I might question whether the analogy with religious revivalism in the 19th Century really leads to any kind of action model for fighting climate change. What matters is only that we stop a certain behavior, i.e., using the atmosphere as a waste sink. It's hard for me to see how heightened consciousness can be a lever for accomplishing that task. Are there any historical instances we can cite of such psychological events making the kind of difference we need?

I tend to agree with you on this, seeing the matter much as Robert does that the necessary choices require such enormous investments in technology and infrastructure that corporate effort is required. A simple example is electric vehicles. We would not have hybrids without the auto companies having invested billions in making it possible, and it is not even a half-measure to reach the needed change in emissions. More like a fourth or a fifth. Plug-in hybrids are probably the next step, but if electric power generation doesn't shift away from fossil fuels and GHG emissions, plugging in your car will not make much difference. It's just that the infrastructure for recharging (or refueling with hydrogen) requires a critical mass of motivated consumers, and that would not have happened without Elon Musk, on one end, and Chevy Volt on the other, putting LEVs within the realm of practicality for those following a typical American lifestyle.

On the other hand there are measures, like farm-to-household locovore plans, that move things in a helpful direction. Even organic foods, while making nearly no difference to GHGs, give a useful example of customers shifting the system away from low level toxins.

DWill wrote:
There is some hope in the changing expectations of the youngest adults, who care less about owning things than my generation did, cars and houses, for example. Whether that lesser interest is enough to start to make a major difference, I don't know.
This links to another interesting development. When technology puts people out of work, the savings is supposed to free up income for other demand. We know that technological lock-in is creating monopoly power that prevents some of the needed adjustment, since consumers may not see the savings. But even allowing for that, the tech change of the last 2 decades should be freeing up some new demand. What is it going to?

One answer is services. Rich countries are basically saturated with goods. Items that can be manufactured now take up less than 50 percent of a typical American household's income, and a fair portion of that is retail, which is a service. That includes food, clothing, housing and transportation machinery such as cars, as well as smaller appliances, etc. Where will the new demand go? Probably to more specialized services, whether it be travel combined with adventure or education, or tutoring lagging students, or coaching people to lose weight, or funkadelic hybrids of musical genres. There is good reason to suppose that digitalization has increased the satisfaction people get from services such as entertainment even while decreasing the spending on them.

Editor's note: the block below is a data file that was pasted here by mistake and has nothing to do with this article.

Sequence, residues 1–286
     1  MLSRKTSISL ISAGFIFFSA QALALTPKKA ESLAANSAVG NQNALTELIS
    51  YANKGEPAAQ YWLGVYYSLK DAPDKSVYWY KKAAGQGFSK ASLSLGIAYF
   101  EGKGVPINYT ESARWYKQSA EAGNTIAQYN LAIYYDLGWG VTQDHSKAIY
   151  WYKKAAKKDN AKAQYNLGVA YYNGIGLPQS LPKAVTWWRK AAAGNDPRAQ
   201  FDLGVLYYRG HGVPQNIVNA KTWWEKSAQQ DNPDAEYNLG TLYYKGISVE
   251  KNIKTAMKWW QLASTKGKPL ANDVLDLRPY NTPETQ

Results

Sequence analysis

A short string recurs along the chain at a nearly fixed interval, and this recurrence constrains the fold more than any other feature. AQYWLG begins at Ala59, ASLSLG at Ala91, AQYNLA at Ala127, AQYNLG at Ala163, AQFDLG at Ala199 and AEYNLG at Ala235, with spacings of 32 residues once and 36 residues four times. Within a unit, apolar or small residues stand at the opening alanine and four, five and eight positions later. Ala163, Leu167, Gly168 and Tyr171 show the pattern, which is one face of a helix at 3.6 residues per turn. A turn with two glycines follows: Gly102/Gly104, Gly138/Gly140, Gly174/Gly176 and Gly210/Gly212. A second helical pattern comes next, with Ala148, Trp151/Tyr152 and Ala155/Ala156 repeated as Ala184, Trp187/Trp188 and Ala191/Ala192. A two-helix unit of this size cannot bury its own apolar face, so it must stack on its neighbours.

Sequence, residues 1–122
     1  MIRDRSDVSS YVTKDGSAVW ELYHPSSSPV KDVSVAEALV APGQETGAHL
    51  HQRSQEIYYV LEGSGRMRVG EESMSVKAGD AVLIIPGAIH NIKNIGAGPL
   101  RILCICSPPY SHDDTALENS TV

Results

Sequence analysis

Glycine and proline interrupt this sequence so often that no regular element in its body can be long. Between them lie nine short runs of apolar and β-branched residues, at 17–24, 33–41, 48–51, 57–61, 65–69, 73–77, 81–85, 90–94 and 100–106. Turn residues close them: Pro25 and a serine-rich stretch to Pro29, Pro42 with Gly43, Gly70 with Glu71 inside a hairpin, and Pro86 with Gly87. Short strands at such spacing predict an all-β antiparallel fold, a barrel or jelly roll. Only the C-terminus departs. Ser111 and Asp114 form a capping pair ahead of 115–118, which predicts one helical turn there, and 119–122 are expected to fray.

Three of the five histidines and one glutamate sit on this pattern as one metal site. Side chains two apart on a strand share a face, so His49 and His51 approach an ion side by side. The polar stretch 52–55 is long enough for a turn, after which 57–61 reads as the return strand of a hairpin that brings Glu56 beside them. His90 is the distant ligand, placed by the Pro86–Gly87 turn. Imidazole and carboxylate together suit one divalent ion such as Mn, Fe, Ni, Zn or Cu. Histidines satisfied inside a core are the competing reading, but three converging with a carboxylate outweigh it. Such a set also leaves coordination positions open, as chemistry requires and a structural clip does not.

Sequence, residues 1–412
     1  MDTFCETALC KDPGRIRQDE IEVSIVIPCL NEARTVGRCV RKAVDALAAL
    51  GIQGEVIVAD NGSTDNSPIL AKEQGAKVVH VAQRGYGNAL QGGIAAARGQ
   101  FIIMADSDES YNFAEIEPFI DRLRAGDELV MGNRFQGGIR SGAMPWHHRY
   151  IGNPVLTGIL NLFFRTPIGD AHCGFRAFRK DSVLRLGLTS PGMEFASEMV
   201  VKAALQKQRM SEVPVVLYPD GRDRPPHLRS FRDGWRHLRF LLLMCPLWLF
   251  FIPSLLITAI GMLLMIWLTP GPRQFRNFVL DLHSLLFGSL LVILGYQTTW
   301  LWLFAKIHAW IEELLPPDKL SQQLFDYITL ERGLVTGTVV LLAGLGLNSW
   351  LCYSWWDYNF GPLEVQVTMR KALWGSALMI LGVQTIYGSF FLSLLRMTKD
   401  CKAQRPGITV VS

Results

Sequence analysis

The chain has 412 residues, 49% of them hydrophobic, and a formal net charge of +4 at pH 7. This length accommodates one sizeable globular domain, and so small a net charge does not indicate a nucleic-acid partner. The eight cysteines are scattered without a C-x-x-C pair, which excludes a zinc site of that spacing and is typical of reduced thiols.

And that's where the Millennial difference enters the picture. In my experience my sons' cohort gets much more of their pleasure from interacting in interesting ways with friends than my wife and I did. One son regularly hosts couch surfers, and loves it. Even Facebook is an example of people creating enjoyment for other people they know. There is a business now in the other son's town of hosting "escape parties" where the group has to solve puzzles and decode clues to figure out how to get out of a building. It doesn't take much imagination to see digital technology turning this trend into cash: I could become a skater-boy in my old age through virtual imaging, without ever scraping an elbow.

And of course the GHG footprint of a virtual visit to the Galapagos (not to mention the eco-footprint on the islands) is much smaller than for a physical travel visit to them.

The next question is how to make that life functional in a circular economy. It strikes me as answerable.

DWill wrote:
The Amish make an interesting case study, by the way. I can't find data on their carbon footprints, but it would be logical to assume that it's less than any other major grouping. However, they're extremely conservative and not generally environmentally-minded. I suspect they'd think climate change talk is from Satan. So consciousness doesn't seem to play a role in their lower impact on the planet.
Well, except that their consciousness is based on being "plain". The idea is that warfare is based on people's envy and struggle for status (and Rene Girard has developed this with remarkable anthropological analysis), so if people resist the temptation to try to seem more cool, smarter, more accomplished, more tasteful, and generally higher status than their neighbors, it will make conflict unnecessary. They were doing organic farming before anybody explained that it is environmentally friendly. And my friends in Philly explain that most of the Amish are quite wealthy, since they make their money without spending a lot of it. (You could check that out, DWill, since your location is not far from Lancaster County PA.)



Sat Mar 16, 2019 6:30 pm